Had a good cleanup and shave at Godfrey’s place out in Kanata and then presented myself at the SAW Gallery again. I had met Arthur II (aka Arthur Roman Numeral Two) in Essaouira, Morocco and we had shared lodgings, as well as seeing The Exorcist at the local flea pit together. He had taken great pleasure in showing me his passport which, after some fuss, had been issued with his unlikely name. This time he was at the gallery and he welcomed me warmly, hiding his surprise behind his busy manner. Arthur II is a an artist, he co-founded the SAW Gallery and had an exhibition there in 1974.
After a quick look round the gallery we headed off to the pub, the Chateau Lafayette (aka The Laff) just round the corner. It looked like the archetypal cheap bar, but was in fact Ottawa’s oldest tavern dating back to 1849 and still going strong today. The current landlord describes it in the 70s “We used to be that bar, where’d you’d come, drink your face off, and fight each other”. I was used to that kind of bar from Glasgow, so felt right at home. After a catch-up I was introduced by Arthur to some of his actor friends (he seemed to know everybody) and proceeded to get drunk at lunchtime, something I usually avoid. I tried out the local beers, Labatt Blue and Molson Canadian, which were certainly better than rice-water Budweiser, but still fizzy lagers and lacking in flavour. I told my Canadian friends how much better the beer was than in the USA, which they appreciated, and then regaled them with my story of drinking Olympia beer back in California. This beer carries the tagline “It’s the Water” right there alongside the waterfall on the tin and never a truer word was said, definitely one of the most tasteless beers ever. To me it was like an anti-beer slogan saying don’t buy this beer (it’s water), and if you do, only drink it ice cold, just like water. Never had a good American beer on the whole trip, only a refreshing one, but I guess it is hotter there than in Canada.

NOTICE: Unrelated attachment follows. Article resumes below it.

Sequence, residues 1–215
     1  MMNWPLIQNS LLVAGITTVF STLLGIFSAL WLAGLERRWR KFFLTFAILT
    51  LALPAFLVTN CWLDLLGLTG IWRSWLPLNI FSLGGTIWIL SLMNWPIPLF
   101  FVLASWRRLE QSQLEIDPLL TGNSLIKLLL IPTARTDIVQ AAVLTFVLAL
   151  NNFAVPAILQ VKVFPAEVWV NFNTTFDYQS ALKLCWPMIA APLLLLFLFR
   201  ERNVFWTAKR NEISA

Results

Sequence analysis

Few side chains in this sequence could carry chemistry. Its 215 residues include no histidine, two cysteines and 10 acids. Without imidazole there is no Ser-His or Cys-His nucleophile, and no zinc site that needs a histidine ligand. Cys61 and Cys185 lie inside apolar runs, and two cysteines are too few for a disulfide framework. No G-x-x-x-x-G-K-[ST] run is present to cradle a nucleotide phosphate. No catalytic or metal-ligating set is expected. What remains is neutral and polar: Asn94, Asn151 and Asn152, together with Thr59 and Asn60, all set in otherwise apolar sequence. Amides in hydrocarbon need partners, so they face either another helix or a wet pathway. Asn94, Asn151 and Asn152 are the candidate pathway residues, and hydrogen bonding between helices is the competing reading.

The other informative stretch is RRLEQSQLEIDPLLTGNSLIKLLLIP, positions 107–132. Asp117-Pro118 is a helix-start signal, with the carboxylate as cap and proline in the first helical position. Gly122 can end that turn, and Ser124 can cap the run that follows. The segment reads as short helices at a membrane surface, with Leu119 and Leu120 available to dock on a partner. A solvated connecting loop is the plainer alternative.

I wobbled my way back to Arthur’s house in The Glebe and sobered up with a good meal. I met his family and behaved myself with some effort. After the meal I finally relaxed as we sat round their big kitchen table drinking Red Zinger herbal tea and smoking a few joints. To cap it all one of my favourite rare records, Lotus by Santana, was featured in a documentary on the radio. This was a triple vinyl LP set of a 1973 live concert in Japan, only available on import, but I had bought it cheaply in Andorra. When Carlos’ cutting, plangent guitar breaks into the fierce rhythm half way through the eleven minute Every Step of the Way I am with him all that way, his sustained notes like tears, and then we segue straight into their hit Black Magic Woman, cool. By this time Santana were as much a jazz band as a Latin rock group, the tracks lengthen and evolve and they employ a a jazz vocalist, Leon Thomas, who had recently featured on their greatest album, Welcome. Now I was in my element, finally normal people I could trust around me, no more hitching for a few days, New York seemed closer and music I loved was pouring out of the speakers. The back of the journey was broken, but it had required fortitude in the face of adversity.
Content and welcomed, warmed by a glass of whisky, I perused Arthur’s huge stack of American art magazines and fell fast asleep.